How do we characterize world-class leaders? By leading powerful nations? If that is the case, could we say that George Bush, Jacques Chirac and Tony Blair are world-class leaders? Could we say that leaders who have strong command in English and graduated from Ivy League universities are world-class leaders? Or, could we say people who are so daring like Saddam Hussain, Ariel Sharon and Osama ben Laden, world-class leaders too?
How do we define a world-class leader? Prior to defining `world-class’, what actually is our definition of `leaders’?
It is not a simple task, even to define the word `leaders’. Leaders have never been similar to managers or chief administrators. Leaders are not heroes, who rise only during a crisis. Leaders are more than decision makers, group mobilizers or goal setters. To Peter M. Senge, leaders are best described as designers, facilitators and stewards.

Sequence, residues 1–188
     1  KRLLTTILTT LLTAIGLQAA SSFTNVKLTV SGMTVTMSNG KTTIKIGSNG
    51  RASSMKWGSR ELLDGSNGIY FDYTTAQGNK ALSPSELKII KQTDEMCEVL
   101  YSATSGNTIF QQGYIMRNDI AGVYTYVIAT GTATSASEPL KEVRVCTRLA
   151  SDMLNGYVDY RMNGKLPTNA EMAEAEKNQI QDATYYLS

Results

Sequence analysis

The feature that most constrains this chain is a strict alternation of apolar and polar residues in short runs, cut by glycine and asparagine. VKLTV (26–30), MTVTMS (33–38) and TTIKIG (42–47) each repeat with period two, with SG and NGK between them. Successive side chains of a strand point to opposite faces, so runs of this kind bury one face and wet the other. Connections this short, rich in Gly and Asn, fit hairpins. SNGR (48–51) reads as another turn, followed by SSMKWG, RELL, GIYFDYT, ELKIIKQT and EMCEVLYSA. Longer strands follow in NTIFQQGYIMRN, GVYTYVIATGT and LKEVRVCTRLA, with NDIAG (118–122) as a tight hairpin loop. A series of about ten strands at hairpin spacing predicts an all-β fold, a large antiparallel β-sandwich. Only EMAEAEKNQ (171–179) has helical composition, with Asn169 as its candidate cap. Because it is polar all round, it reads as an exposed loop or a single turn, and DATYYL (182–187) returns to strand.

From Islamic perspective, the term `imam’ is used to accurately describe leader, where the leadership tradition is not only perceived as `an interpersonal process involving the exercise of influence’ but more towards leadership that leads the ummah (Muslim community) in fulfilling the divine trust, that is preserving the religion, leading the humanity to decency, happiness, salvation and felicity, and nurturing the world to prosperity.
A world-class leader, in my opinion, is "a leader, who has acquired the position of best of the best in his country and the world, has continuously played his role to bring peace and prosperity in his own country and to the world, and continuously strives to beat his own standards, in any kind of situations, good and bad. "